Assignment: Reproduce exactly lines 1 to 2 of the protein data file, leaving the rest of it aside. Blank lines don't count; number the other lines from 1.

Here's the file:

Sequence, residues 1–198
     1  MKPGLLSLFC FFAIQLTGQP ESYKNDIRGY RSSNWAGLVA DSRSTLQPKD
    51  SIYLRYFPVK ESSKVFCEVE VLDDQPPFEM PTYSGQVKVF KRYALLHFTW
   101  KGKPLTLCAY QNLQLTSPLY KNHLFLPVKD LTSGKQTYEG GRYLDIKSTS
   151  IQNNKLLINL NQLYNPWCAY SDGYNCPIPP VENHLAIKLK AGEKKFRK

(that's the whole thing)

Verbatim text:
Sequence, residues 1–198
     1  MKPGLLSLFC FFAIQLTGQP ESYKNDIRGY RSSNWAGLVA DSRSTLQPKD